Toyota’s Japanese-based plants were all but shut down in the wake of the March 11 disaster, vehicle output for the month plunging to just 129,491, a 63% decline.  Of that number, 107,751 were exported, a 33% drop from year-earlier levels.


Toyota Faces Ratings Downgrade

Moody’s eyes impact of March 11 disaster.

by on Apr.06, 2011

Work at Toyota plants worldwide has been impacted by the March 11 disaster in Japan.

Already slammed by the March 11th natural disaster that has left it struggling to resume normal production, Toyota may soon be hit with a ratings downgrade by Moody’s Investors Service.

Such a move could add to the maker’s costs at a time when it is struggling under the loss of hundreds of thousands of units of production.  Even before last month’s earthquake and tsunami – and the subsequent Japanese nuclear crisis – senior Toyota officials were warning that they’d need to take aggressive steps to cut costs and boost profits.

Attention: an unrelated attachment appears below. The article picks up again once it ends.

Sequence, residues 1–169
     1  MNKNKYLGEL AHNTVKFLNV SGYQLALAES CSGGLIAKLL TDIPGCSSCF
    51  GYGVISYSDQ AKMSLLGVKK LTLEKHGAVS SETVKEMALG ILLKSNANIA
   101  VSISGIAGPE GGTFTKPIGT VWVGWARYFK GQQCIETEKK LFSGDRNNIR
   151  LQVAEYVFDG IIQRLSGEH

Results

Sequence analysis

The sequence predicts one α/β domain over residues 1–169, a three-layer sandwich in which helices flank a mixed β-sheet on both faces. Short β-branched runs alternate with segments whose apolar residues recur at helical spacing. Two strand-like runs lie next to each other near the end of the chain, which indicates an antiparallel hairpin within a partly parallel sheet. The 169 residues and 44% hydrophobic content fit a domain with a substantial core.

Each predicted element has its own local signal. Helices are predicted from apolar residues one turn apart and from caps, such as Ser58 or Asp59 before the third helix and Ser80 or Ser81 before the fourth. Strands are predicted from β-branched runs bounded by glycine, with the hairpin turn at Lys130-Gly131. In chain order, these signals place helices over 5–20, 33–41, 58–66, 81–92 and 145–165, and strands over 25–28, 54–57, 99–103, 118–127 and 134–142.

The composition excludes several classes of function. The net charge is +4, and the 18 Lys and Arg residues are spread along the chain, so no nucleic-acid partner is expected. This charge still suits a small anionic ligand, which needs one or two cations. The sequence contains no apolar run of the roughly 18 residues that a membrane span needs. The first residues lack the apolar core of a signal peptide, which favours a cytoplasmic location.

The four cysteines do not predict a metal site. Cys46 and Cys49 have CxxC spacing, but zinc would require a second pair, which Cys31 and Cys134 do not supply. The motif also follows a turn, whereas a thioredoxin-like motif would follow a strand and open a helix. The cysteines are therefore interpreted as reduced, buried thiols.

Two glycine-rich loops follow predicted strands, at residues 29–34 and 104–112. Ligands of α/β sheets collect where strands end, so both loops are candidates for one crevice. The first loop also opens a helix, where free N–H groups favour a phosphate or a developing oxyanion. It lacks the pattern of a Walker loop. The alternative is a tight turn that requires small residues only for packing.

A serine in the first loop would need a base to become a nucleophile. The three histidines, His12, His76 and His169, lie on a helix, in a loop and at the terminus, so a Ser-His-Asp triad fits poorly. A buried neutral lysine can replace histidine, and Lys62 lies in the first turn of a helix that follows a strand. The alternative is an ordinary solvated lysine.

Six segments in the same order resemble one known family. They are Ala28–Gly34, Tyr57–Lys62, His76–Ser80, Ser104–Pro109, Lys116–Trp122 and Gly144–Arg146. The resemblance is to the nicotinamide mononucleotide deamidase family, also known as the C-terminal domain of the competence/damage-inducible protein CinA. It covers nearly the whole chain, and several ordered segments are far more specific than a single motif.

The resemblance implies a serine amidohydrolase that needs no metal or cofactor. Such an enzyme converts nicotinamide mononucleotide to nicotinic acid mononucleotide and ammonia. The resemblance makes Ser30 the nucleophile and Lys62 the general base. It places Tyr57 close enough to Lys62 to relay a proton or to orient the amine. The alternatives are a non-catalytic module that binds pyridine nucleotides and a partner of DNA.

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Saying it will take “many months” to get the company’s operations back to normal, Moody’s issued a warning that it is giving serious consideration to a downgrade of the maker’s debt, which currently stands at Aa2, an investment grade that Detroit’s makers can only dream of achieving.

The ratings firm did note that it, “will also consider how quickly the company can improve its profitability despite the negative impact of the disasters.”


Some Japanese Car Plants Ready to Reopen

But problems persist and could threaten GM.

by on Mar.16, 2011

Toyota pares back production of models like Camry at North American plants but resumes some Japanese operations tomorrow.

With the lights on the landmark Tokyo Tower darkened due to power shortages across the country, things are anything but back to normal in Japan, but one sign of progress comes from Toyota, which says it will reopen some of its parts plants on Thursday, though the maker will keep assembly lines shuttered until at least the 22nd.

The plants resuming operation tomorrow will supply much-needed parts to vehicles in use in Japan.  Meanwhile, Toyota said, it will resume production, next Monday, of parts needed by its overseas plants.

That’s good news for managers of assembly operations in North America, where the maker late yesterday announced it would trim overtime and Saturday hours because of the threat of possible parts shortages.  Like many so-called “transplants,” Toyota’s U.S. and Canadian assembly lines remain dependent upon many parts and components shipped in from Japan.